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In this tutorial we will cover another algorithm which uses greedy approach/technique for finding the solution.

Let's start with a real-life scenario to understant the premise of this algorithm:

- A telecommunications organization, has offices spanned across multiple locations around the globe.
Figure 1

- It has to use leased phone lines for connecting all these offices with each other.
- The cost(in units) of connecting each pair of offices is different and is shown as follows:
Figure 2

- The organization, thus, wants to use minimum cost for connecting all its offices. This requires that all the offices should be connected using minimum number of leased lines so as to reduce the effective cost.
- The solution to this problem can be implemented by using the concept of
**Minimum Spanning Tree**, which is discussed in the subsequent section. - This tutorial also details the concepts related to Prim's Algorithm which is used for finding the minimum spanning tree for a given graph.

The network shown in the second figure basically represents a graph **G = (V, E)** with a set of vertices **V = {a, b, c, d, e, f}** and a set of edges **E = { (a,b), (b,c), (c,d), (d,e), (e,f), (f,a), (b,f), (c,f) }**. The graph is:

- Connected (there exists a path between every pair of vertices)
- Undirected (the edges do no have any directions associated with them such that (a,b) and (b,a) are equivalent)
- Weighted (each edge has a weight or cost assigned to it)

A spanning tree `G' = (V, E')`

for the given graph G will include:

- All the vertices (V) of G
- All the vertices should be connected by minimum number of edges (E') such that
`E' ⊂ E`

- G' can have maximum
`n-1`

edges, where`n`

is equal to the total number of edges in G - G' should not have any cycles. This is one of the basic differences between a tree and graph that
**a graph can have cycles, but a tree cannot**. Thus, a tree is also defined as an**acyclic graph**.

Following is an example of a spanning tree for the above graph. Please note that only the highlighted edges are included in the spanning tree,

Figure 3

Also, there can be multiple spanning trees possible for any given graph. For eg: In addition to the spanning tree in the above diagram, the graph can also have another spanning tree as shown below:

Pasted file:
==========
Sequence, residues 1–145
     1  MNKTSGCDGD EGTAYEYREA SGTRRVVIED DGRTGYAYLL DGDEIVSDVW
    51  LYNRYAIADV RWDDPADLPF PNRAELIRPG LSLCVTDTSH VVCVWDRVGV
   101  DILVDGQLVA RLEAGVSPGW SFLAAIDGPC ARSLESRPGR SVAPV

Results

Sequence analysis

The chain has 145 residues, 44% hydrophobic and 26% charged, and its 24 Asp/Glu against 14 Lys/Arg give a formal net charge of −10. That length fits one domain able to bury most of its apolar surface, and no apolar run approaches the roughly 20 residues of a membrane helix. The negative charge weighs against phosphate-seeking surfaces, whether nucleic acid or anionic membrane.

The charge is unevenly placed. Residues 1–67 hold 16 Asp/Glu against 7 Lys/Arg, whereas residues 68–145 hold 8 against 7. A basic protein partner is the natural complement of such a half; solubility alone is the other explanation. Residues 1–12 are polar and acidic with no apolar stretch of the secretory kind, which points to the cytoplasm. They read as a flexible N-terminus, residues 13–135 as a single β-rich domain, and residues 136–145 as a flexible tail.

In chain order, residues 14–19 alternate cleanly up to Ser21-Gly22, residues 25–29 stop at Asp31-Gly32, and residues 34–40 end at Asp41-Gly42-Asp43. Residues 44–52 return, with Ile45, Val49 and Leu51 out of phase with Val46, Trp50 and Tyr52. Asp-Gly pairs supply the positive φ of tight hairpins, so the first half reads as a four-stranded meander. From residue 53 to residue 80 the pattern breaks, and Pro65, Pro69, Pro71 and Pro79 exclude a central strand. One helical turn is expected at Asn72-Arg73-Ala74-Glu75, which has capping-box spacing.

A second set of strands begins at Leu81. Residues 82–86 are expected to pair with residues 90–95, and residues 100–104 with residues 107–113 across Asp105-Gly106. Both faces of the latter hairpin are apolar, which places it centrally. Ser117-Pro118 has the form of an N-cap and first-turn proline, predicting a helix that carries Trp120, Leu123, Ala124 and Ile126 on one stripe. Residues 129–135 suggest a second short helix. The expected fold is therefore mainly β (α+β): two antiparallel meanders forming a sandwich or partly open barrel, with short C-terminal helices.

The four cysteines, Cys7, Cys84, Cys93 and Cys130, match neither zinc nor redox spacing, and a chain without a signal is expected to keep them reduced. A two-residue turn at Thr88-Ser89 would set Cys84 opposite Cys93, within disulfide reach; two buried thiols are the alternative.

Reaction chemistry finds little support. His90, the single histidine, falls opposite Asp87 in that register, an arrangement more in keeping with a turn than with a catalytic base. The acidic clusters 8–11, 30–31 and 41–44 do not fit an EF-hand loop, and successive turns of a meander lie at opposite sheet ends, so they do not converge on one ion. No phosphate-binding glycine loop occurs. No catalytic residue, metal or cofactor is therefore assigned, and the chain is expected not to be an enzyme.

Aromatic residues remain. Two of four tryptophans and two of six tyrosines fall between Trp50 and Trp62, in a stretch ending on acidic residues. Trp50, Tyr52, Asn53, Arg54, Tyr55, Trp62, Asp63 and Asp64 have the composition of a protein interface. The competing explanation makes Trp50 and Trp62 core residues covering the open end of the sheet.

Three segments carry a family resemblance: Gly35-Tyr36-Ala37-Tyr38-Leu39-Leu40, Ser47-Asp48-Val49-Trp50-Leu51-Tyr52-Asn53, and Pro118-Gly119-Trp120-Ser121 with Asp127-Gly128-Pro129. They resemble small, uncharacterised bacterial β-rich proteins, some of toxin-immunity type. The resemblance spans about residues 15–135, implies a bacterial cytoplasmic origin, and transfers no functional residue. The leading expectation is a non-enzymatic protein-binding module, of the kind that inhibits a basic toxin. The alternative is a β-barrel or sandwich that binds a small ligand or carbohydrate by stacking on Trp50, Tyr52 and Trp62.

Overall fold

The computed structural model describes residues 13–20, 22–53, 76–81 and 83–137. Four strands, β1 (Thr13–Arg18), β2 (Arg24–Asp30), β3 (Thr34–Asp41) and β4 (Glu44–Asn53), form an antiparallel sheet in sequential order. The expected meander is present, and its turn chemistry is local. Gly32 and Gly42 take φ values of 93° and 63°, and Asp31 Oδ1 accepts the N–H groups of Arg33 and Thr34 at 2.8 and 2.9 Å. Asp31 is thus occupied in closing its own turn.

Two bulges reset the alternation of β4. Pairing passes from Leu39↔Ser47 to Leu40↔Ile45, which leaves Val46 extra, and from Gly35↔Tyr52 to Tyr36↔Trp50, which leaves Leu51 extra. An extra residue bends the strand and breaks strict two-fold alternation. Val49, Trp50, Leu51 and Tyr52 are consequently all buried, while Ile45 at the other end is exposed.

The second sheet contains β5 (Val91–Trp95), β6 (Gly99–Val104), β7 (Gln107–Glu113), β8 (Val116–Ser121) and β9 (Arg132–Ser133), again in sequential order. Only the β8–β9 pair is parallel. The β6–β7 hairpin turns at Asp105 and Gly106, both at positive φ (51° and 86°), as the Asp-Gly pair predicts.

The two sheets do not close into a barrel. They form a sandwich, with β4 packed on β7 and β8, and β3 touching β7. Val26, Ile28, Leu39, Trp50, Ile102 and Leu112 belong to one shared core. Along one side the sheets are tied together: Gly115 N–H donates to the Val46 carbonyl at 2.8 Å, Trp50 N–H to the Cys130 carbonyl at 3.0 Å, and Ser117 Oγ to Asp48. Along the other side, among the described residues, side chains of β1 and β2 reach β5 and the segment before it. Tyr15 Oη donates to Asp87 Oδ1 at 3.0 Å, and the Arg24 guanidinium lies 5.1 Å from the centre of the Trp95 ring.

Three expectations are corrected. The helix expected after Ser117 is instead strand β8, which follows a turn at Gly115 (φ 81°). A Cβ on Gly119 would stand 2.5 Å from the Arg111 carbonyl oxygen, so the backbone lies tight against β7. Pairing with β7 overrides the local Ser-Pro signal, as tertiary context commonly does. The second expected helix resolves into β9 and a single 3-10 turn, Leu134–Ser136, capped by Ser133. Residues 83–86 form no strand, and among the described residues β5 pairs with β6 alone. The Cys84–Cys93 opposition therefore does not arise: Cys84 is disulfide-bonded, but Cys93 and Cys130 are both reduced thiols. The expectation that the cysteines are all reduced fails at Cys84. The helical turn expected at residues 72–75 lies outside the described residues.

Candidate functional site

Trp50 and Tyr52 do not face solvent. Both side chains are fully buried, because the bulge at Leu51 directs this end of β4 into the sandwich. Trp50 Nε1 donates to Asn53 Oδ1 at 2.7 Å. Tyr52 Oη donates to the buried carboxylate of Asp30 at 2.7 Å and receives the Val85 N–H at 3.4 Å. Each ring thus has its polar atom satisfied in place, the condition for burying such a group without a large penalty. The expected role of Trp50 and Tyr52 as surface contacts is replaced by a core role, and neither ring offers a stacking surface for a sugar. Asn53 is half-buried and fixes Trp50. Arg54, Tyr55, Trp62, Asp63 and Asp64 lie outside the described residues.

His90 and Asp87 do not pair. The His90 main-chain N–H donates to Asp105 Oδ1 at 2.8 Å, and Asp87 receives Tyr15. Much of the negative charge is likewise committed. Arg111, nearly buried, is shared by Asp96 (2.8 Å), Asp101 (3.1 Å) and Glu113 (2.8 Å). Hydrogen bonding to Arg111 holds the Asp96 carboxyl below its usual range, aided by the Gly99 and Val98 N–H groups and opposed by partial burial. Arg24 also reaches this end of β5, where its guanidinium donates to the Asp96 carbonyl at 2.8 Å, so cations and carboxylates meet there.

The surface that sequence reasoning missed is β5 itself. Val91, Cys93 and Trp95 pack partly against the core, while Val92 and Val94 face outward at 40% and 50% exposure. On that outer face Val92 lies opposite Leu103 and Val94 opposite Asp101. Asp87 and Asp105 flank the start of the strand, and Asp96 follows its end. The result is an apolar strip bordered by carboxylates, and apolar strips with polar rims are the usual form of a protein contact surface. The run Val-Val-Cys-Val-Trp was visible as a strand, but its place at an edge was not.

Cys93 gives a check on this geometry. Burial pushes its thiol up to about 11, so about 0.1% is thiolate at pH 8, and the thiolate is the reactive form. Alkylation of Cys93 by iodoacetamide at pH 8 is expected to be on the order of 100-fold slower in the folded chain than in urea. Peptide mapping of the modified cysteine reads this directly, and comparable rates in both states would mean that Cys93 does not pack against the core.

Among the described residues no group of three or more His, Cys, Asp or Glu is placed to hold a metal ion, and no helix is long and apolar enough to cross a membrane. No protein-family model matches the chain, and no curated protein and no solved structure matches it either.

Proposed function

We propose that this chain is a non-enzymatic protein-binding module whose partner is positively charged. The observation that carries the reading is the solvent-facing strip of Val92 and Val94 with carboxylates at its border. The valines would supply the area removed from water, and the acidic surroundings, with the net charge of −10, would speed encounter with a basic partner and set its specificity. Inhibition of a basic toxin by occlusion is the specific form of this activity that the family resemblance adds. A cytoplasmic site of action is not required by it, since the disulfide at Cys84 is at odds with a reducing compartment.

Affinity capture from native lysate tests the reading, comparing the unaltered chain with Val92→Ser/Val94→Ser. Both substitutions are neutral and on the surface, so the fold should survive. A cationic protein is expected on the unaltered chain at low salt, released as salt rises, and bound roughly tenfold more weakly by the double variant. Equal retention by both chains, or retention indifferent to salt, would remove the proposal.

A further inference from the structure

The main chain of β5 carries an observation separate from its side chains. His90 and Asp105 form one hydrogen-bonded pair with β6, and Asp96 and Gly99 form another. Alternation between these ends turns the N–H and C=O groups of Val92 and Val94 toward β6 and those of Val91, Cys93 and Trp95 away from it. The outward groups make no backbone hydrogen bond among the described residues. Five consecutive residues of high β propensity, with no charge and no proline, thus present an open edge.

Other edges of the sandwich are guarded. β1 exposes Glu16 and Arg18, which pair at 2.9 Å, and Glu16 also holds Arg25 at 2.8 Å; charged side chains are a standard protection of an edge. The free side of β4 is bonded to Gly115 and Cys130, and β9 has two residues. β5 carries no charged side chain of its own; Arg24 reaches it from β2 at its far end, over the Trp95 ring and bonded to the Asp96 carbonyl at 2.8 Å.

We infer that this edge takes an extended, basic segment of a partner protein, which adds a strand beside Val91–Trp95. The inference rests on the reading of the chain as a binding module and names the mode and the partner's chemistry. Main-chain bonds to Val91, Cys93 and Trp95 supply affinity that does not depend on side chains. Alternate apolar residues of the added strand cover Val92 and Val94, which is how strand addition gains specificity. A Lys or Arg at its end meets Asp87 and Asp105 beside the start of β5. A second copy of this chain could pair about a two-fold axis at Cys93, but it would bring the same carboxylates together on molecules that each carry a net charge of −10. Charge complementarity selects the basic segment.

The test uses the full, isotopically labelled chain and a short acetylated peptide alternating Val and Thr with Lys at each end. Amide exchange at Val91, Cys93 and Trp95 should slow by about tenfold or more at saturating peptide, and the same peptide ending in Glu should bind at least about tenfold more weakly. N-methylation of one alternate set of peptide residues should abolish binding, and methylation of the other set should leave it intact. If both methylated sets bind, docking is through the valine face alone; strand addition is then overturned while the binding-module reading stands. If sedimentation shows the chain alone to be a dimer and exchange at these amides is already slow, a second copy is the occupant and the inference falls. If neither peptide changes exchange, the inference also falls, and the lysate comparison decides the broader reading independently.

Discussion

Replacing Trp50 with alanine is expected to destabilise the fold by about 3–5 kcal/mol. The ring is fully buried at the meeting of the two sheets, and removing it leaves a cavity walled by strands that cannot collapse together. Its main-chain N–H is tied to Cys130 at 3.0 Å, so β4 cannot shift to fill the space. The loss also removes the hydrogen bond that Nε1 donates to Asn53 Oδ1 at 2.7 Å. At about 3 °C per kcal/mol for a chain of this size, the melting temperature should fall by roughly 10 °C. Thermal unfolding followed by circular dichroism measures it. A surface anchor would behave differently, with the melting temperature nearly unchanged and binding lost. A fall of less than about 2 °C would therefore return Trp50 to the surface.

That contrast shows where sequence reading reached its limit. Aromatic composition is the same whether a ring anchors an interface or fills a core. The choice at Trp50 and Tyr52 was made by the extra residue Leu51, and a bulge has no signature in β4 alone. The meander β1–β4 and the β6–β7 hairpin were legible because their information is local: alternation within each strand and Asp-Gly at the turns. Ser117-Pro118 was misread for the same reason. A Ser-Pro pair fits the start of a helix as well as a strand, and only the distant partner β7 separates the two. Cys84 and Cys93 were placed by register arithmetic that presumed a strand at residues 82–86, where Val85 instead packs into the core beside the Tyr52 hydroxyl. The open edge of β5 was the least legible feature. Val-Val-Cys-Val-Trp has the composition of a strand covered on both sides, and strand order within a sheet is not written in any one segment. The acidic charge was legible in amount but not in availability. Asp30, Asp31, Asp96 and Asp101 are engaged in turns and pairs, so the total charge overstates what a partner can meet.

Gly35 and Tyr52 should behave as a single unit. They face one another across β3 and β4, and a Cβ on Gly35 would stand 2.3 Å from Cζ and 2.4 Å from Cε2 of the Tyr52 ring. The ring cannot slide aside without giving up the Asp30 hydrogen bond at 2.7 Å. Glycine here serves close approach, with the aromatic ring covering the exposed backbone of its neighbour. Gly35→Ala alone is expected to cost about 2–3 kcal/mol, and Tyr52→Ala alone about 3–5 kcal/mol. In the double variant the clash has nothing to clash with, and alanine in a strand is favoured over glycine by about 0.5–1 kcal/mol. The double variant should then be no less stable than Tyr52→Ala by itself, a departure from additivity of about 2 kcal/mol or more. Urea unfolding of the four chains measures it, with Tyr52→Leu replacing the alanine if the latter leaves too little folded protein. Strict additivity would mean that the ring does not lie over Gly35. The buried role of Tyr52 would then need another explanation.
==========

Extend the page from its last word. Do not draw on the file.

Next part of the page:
Figure 4

By convention, the total number of spanning trees for a given graph can be defined as:

, where,^{n}C_{m} = n!/(m!*(n-m)!)

`n`

is equal to the total number of edges in the given graph`m`

is equal to the total number of edges in the spanning tree such that`m <= (n-1)`

.

Hence, the total number of spanning trees(S) for the given graph(second diagram from top) can be computed as follows:

**n = 8**, for the given graph in Fig. 2**m = 5**, since its corresponding spanning tree can have only 5 edges. Adding a 6th edge can result in the formation of cycles which is not allowed.- So,
**S =**, which means that^{n}C_{m}=^{8}C_{5}= 8!/ (5! * 3!) = 56**56**different variations of spannig trees can be created for the given graph.

The cost of a spanning tree is the total of the weights of all the edges in the tree. For example, the cost of spanning tree in Fig. 3 is **(2+4+6+3+2) = 17** units, whereas in Fig. 4 it is **(2+3+6+3+2) = 16** units.

Since we can have multiple spanning trees for a graph, each having its own cost value, the objective is to find the spanning tree with minimum cost. This is called a **Minimum Spanning Tree(MST)**.

**Note**: There can be multiple minimum spanning trees for a graph, if any two edges in the graph have the same weight. However, if each edge has a distinct weight, then there will be only one minimum spanning tree for any given graph.

Given a weighted, undirected and connected graph **G**, the objective is to find the minimum spanning tree **G'** for G.

Apart from the Prim's Algorithm for minimum spanning tree, we also have Kruskal's Algorithm for finding minimum spanning tree.

However, this tutorial will only discuss the fundamentals of **Prim's Algorithm.**